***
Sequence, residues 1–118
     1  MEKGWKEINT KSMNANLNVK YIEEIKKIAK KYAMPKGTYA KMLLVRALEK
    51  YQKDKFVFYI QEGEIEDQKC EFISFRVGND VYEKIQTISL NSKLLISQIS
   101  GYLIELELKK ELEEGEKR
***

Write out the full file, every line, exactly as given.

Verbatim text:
Sequence, residues 1–118
     1  MEKGWKEINT KSMNANLNVK YIEEIKKIAK KYAMPKGTYA KMLLVRALEK
    51  YQKDKFVFYI QEGEIEDQKC EFISFRVGND VYEKIQTISL NSKLLISQIS
   101  GYLIELELKK ELEEGEKR